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Diesel stop-sale forces VW Caddy rethink
A petrol auto focus opens up new opportunities for the bestselling VW Caddy
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17 Dec 2015
A DELAY in diesel-engine variants is presenting fresh market opportunities for the heavily revamped Volkswagen Caddy, ushering a new-to-series 1.4-litre turbo-petrol automatic drivetrain to take on the increasingly popular Renault Kangoo.
Speaking to GoAuto at the launch of the Caddy and T6 Transporter ranges in Sydney, Volkswagen Group Australia Commercial Vehicles director Carlos Santos revealed that the new lower entry price points possible with the TSI variants should see the small van and people-mover range grow its market next year.
“It will be interesting to see what the petrol DSG (dual-clutch transmission) does… because it is priced right, and significantly cheaper than the diesel DSG,” he said.
“So that might eventually be the best-seller. The Kangoo (with a 1.6-litre/four-speed auto combo) is their best-seller. And Renault is the one that’s taken the most market share off us. If we look at what’s happened over the last 12 months, it’s probably the strongest competitor in this space.” However, while Mr Santos is confident that the TSI DSG from $28,990 plus on-roads will yield strong results, the TDI turbo-diesel DSG – with pricing yet to be confirmed, but the outgoing TDI250 DSG started from $30,350 – will most likely remain the star performer.
“Our strength is obviously the Caddy’s quality reputation and also having a diesel auto is a huge plus for us, especially in the long-wheelbase versions,” he revealed.
With the global emissions cheating scandal dictating a stop-sale of certain Volkswagen diesels, including all corresponding Caddy variants, it is not clear as to when the new TDIs will hit the market, but Mr Santos said he thinks it will be before the end of the first quarter of 2016.
“We won’t have a diesel in the market until the first part of the year, so we’ve changed our strategy to petrol,” he said. “So what that means is that we’ve changed all our ordering, for our mix, to bring in more petrol and to also sharpen the price points.
“Because we’ve got a petrol automatic for the first time, we’re probably going to go heavy on that, and that’s the best way to bridge the gap until we reintroduce the diesel. Which we were going to do anyway. But we need to maintain as much of the market share as we can in the short term.
“And I think we will have a flash for it sometime in February, but definitely by the first quarter.”
Early next year will also see the return of the well-received Caddy TSI160 Runner – a basic single-spec 1.2-litre turbo-petrol manual which, since 2012, has worked well as a cheap special edition luring in buyers seeking an inexpensive van.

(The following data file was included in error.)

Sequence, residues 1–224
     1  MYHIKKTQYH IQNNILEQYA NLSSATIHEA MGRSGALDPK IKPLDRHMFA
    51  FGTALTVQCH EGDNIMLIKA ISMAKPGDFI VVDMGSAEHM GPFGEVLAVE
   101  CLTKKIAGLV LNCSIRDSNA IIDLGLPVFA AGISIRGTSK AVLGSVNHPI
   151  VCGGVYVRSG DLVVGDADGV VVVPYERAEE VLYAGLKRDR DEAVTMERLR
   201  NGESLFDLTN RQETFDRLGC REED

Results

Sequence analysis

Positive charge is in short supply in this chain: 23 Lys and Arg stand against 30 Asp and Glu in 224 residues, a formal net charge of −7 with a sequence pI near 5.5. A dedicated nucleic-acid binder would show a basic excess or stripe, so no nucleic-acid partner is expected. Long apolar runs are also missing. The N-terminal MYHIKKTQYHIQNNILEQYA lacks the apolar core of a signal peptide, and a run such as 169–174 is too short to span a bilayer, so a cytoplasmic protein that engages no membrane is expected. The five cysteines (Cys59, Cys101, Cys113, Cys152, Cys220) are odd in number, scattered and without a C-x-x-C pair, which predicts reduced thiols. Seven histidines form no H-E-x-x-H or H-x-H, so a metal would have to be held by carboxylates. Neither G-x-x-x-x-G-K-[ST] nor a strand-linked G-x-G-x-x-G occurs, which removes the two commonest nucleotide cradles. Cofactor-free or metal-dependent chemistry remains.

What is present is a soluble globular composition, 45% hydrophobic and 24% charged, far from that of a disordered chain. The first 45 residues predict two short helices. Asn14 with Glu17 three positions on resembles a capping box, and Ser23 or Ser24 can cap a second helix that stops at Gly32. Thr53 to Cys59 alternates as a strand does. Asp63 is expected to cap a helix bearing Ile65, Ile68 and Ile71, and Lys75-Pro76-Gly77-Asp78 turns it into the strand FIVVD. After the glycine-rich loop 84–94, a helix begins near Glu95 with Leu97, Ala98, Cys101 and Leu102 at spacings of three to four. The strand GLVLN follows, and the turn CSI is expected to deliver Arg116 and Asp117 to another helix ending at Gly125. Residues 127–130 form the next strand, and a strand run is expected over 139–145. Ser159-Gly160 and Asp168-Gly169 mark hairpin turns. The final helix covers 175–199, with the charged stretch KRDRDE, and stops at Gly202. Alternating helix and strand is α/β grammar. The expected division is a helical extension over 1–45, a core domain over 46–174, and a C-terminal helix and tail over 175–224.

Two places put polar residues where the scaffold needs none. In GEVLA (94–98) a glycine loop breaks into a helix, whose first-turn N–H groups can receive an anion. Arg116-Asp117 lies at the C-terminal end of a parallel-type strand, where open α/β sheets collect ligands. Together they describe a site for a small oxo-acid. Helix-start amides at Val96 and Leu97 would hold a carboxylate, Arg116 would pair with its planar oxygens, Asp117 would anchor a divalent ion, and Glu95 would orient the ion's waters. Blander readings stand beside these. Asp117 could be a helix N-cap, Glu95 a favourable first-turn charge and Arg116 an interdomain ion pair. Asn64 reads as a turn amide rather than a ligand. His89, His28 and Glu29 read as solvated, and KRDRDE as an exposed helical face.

However, while it will continue to build customer numbers incrementally, Mr Santos said most Caddy buyers will still opt for the more expensive but better-specified TDI DSG models. The latter accounts for about one-third of all Caddy volume, split evenly between short- and long-wheelbase variants.
“Runners will be quite popular because of its price point, and it gets that entry level buyer in,” he said. “But that car is only about 15 per cent of the mix, while we get about 30 per cent mix with the diesel DSG.
In terms of the Caddy people-mover, Mr Santos said he is confident that the new TSI DSG’s lower opening gambit compared to the preceding TDI DSG will also attract more and varied customers to the five-seater and Maxi seven-seater variants, but he conceded it will not be huge volume.
“With the people-mover, we have a better offering as well as a more competitive price offering,” he said. “And because we don’t really have a seven-seater in the passenger vehicle range, it gives us a bit of space to play in, a bit of free air. But I don’t think it will be huge volume, but it will be worthwhile.”
Despite the diesel stop-sale directive that effectively killed the outgoing Caddy in Australia in October, the Polish-built van and people-mover range retained its sales position to the end of November, with 1695 units (down 3.7 per cent over the same time in 2014) for a 46.1 per cent market share, compared with Kangoo’s 1071 (a sizeable 68.7 per cent) that equals a 29.2 per cent share.
The latter is more than double the figures recorded by the ageing Suzuki APV (494 units), followed by the Citroen Berlingo (280), and newcomer Fiat Doblo (124).
The van accounts for about four-fifths of overall Caddy sales.
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